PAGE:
3 RGB LEDs in parallel or series

I currently have 1 RGB led [acting as an output] with its 3 pins (R,G and B) connected to three PWM pins using the appropriate resistor ( resistance calculated according to Vf for each R, G and B). This part is working fine.

Now I want to have 2 other RGB leds (just to increase the brightness of my output). Now I am debating if I put two other RGB led in parallel using the same three resistors or each single pin have its own resistance that is three similar resistances for each Red pin and so on.

Currently pin, Resistance,LED O------[]-------|>------GND O------[]-------|>------GND O------[]-------|>------GND

A seperate resistor for each is preferable as you cannot guarentee that each LED has the same forward voltage (e.g. the two red diodes might have a different Vf and so on). If they are slightly different, then one of the LEDs will drop the majority of the current which will have one of two outcomes: (i) one is brighter than the other, but all is well, or (ii) the first blows up from passing two much current which in turn leads to the second blowing up from too much current.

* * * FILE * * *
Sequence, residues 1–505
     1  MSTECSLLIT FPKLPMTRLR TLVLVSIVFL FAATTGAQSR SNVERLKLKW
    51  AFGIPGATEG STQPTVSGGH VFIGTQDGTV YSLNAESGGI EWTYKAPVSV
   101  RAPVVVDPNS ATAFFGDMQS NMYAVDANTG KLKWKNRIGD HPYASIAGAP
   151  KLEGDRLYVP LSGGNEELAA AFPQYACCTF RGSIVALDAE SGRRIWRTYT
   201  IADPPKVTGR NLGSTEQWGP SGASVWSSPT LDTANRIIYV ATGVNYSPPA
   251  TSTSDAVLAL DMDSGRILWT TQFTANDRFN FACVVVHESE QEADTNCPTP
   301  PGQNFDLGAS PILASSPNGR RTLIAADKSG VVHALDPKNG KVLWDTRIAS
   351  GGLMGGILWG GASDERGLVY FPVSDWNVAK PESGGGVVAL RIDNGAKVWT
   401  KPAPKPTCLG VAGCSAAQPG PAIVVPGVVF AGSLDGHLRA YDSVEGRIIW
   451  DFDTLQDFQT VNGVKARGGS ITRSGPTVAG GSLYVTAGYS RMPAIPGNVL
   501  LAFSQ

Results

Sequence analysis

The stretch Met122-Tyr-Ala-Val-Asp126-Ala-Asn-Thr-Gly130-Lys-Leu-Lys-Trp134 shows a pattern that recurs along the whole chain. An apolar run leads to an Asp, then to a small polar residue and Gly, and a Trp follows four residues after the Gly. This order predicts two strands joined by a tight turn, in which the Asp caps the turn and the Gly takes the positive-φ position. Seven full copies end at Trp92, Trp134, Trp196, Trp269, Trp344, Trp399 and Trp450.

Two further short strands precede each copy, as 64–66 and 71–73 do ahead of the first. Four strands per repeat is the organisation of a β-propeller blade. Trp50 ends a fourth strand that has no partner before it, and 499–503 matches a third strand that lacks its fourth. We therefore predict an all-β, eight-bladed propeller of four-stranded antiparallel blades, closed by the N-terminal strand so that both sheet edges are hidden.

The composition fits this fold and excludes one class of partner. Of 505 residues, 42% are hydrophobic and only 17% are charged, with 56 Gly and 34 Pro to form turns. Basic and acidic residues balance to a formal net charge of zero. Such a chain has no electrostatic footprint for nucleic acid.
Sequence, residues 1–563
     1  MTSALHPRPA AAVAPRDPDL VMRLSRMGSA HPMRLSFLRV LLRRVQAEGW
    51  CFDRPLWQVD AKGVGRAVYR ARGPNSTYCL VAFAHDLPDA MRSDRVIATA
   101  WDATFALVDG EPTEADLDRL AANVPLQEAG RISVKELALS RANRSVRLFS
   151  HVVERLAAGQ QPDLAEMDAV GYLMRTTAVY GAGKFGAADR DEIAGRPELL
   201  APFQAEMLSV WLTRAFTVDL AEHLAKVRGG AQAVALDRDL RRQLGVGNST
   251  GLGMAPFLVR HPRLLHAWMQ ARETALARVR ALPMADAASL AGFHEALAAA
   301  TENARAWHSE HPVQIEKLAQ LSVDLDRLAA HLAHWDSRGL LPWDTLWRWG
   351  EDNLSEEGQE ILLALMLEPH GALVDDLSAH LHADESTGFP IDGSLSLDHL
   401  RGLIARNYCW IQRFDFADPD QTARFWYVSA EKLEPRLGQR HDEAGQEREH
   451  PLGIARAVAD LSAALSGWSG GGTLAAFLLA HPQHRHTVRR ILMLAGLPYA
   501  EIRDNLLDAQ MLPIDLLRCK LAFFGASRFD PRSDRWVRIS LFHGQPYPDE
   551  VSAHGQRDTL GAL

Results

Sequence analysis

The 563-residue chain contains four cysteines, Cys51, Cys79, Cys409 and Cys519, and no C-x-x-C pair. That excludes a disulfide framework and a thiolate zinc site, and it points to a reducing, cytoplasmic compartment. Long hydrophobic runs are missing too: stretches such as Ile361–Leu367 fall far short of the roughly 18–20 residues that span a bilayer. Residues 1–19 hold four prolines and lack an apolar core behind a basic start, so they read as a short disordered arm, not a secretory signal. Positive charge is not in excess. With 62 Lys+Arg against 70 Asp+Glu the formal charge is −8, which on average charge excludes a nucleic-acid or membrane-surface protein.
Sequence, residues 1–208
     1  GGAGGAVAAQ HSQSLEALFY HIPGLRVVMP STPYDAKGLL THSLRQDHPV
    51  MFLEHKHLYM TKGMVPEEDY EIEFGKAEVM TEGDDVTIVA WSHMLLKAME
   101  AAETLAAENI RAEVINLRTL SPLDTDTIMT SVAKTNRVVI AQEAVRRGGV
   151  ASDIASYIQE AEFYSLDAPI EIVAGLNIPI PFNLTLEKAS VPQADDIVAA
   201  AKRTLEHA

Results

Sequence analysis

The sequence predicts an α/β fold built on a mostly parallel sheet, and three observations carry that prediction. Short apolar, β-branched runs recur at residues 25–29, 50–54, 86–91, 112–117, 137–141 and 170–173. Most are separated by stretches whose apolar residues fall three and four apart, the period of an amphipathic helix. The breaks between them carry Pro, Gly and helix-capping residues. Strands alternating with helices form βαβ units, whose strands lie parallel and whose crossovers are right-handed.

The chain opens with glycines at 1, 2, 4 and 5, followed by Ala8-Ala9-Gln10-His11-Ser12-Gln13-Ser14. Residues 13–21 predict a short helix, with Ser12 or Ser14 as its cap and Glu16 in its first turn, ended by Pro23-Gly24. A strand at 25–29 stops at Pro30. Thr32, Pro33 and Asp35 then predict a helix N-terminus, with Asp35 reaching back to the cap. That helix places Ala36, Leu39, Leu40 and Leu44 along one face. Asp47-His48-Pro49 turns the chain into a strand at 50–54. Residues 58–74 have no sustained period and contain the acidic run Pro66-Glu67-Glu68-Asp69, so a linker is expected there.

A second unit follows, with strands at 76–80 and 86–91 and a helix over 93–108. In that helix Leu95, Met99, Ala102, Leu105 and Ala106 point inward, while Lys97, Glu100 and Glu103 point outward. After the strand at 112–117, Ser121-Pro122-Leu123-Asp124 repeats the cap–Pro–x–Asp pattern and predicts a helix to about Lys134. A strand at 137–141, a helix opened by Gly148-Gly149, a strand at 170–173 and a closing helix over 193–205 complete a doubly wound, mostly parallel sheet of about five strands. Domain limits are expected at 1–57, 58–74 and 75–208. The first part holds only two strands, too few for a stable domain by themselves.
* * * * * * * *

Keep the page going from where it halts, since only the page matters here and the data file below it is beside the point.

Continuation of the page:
Thanks for the quick reply Tom.

"as you cannot guarentee that each LED has the same forward voltage "

Is that possible even if I am using 3 identical RGB leds? Also I am thinking that this set up will increase the current drawn out of the pin where any single color pin is attached and might blow up the arduino.

You will draw more current from the pin yes, in which case you may be better off using a transistor to drive the leds.

They may be the same LED - bought together, same part number, etc. but they still may not be identical. The forward voltage depends on the atomic structure of the LED, and the amount of 'dopant' in it. Unless this is identical, the LEDs will have a different Vf. Now most of the time, the variation is so small that it can be ignored, and that may well be the case here, in which case a single resistor would be fine. The best way to check is to connect both up to seperate resistors and measure the voltage across each LED. If they are within a few tens of millivolts, you should be fine with a single resistor. But resistors are so cheap no-a-days, while RGB LEDs are expensive, it doesn't hurt to use seperate resistors.